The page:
It better not be a lawn mower, I was thinking.
When I opened my eyes, I couldn’t believe what I saw: not one but two brand-new green-and-silver 26-inch five-speeds—a matching pair: one girl’s, one boy’s.
I felt in that moment that our marriage would last a lifetime—or at least as long as we had those bikes.
They were simply the best surprise present I had ever received. They were like the ending of a short story by Flannery O’Connor: “totally unexpected and totally right.”
In retrospect, it seems as if we rode those bikes everywhere together—once the snow melted—for years and years. In reality, the birth of our son two and a half years later curtailed our matching bike trips pretty effectively. As a matter of fact, the last year I applied for a bicycle license, as required in West Allis, Wisconsin, was the year that Jeff was born.
Dusty though they were, our matching bikes came with us from Wisconsin to Iowa, where, sad to say, John’s soon disappeared. He said I should say that he loaned it to a saxophone player, along with a ten-dollar bill, and he hasn’t seen either one since. He also said I should say that if the aforementioned saxophone player is reading this and still has the bike, we’d love to get it back. (You can keep the ten dollars.)
In Iowa City, the bicycle became our major mode of transportation. John scrounged up a recycled number for work, and I rode my formerly matching bike to workshop on Tuesday afternoons. (Not to brag, but coming home was all uphill.) A few years later, I rode my bike to work at ACT, where so many MFA grads find day jobs to support their writing habit. And I still recall, with a pang of parental nostalgia, the first time our son Jeff rode downtown on his bike—a 16- or 20-incher not too different from the one I inherited from my sister. Each of our three children fell off a bike at one time or another. Stitches were sometimes involved, but nobody knocked any teeth out. It was their father who learned the hard way that you can’t zip up your fly while turning a corner—Look, ma, no hands!—at the bottom of a hill.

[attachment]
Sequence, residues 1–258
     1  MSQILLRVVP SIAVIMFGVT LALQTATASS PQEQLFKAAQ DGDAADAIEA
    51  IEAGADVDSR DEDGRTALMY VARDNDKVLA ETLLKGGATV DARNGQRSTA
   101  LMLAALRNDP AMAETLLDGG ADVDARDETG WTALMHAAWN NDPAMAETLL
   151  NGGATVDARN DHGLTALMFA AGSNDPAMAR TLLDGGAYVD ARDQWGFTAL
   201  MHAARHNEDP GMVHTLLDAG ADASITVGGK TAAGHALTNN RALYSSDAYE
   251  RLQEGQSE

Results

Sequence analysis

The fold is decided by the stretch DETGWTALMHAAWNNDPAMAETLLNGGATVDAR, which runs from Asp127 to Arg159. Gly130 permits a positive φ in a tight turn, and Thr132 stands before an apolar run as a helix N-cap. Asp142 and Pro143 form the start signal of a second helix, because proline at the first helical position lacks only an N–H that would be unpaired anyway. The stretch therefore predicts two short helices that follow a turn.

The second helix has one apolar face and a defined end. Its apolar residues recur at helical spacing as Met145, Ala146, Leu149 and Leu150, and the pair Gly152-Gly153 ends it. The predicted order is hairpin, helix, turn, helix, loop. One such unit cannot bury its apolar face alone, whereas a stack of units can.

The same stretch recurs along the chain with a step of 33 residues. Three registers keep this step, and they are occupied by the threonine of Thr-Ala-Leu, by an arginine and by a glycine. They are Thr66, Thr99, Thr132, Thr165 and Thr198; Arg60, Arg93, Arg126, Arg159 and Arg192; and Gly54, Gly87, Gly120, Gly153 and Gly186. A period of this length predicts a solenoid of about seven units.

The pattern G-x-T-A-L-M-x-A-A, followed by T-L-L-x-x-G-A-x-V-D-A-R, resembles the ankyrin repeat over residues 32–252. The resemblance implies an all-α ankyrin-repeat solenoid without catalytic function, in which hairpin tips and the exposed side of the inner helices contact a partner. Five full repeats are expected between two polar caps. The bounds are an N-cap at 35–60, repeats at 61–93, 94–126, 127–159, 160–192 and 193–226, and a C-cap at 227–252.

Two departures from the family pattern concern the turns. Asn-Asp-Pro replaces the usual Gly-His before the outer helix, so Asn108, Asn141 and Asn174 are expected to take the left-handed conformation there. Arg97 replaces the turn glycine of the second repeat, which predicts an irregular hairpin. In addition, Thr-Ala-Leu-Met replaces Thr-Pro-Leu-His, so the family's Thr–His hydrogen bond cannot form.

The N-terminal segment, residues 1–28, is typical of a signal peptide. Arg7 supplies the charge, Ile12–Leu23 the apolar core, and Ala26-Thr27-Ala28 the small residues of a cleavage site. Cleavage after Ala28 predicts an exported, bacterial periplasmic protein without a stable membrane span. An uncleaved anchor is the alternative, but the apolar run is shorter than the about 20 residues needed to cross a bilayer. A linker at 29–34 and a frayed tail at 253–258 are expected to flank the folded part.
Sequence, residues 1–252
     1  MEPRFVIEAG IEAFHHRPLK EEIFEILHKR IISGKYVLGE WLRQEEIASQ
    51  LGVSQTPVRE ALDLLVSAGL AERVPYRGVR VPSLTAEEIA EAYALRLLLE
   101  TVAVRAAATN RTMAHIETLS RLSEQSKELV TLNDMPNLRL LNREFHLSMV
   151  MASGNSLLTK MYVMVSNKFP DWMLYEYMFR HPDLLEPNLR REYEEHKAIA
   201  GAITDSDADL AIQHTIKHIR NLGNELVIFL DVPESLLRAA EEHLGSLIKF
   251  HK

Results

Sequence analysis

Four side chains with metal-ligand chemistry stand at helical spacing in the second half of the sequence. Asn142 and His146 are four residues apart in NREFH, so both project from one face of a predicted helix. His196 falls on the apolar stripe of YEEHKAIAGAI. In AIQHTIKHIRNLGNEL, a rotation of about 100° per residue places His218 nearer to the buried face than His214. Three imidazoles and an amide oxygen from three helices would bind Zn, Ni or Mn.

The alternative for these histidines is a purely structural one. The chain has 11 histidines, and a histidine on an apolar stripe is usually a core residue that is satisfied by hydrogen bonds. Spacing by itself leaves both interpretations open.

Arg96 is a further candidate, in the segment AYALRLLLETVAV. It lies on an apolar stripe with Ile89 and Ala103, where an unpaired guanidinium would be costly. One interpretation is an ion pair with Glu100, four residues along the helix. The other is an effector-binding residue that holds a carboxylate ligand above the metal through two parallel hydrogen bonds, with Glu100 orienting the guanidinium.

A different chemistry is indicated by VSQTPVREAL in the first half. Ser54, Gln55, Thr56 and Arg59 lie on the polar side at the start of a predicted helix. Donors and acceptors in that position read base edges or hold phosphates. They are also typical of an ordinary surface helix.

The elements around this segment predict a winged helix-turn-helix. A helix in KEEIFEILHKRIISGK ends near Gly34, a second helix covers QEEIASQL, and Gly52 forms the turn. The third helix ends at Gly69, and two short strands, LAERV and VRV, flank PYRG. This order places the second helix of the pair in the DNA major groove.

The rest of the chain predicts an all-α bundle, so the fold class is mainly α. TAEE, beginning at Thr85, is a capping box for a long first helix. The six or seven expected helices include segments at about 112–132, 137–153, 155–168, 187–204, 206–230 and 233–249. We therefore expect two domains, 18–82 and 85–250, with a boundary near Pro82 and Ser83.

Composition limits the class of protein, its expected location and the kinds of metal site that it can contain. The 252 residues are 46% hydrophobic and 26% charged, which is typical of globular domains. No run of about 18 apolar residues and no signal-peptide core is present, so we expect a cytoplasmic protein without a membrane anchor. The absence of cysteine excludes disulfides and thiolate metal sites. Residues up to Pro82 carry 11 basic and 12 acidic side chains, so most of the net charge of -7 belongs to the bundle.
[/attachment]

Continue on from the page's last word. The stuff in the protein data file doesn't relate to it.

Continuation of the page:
My husband John has a different bike now, inherited from our friend Leslee Becker when she left Iowa City in 1986 or ’87, which he rides to work year round (weather permitting and sometimes not). I’m afraid he still enjoys coasting down the long sidewalk along the river on Dubuque Street at “rush hour” with his hands behind his head, occasionally calling to the drivers in the cars that inch toward downtown beside him, “My transportation costs are zero!”
Mary Helen Stefaniakon the bicycle meant for her, June 2013.
Speaking of riding down Dubuque Street in Iowa City, I have included a photo of John and his bike that could have been taken this year—say, on May 30th or 31st—although it actually dates from the Great Flood of 2008, when we took a ride out to the Coralville Reservoir on the last day that it was possible to do so.
As you can see, I’m still riding my Christmas bike with the West Allis license plate that expired in 1976.
Mary Helen Stefaniak is author of the award-winning novel The Cailiffs of Baghdad, Georgia.
Mary Helen Stefaniak is author of the award-winning novel The Cailiffs of Baghdad, Georgia. She lives in Iowa City and teaches at Creighton University in Omaha.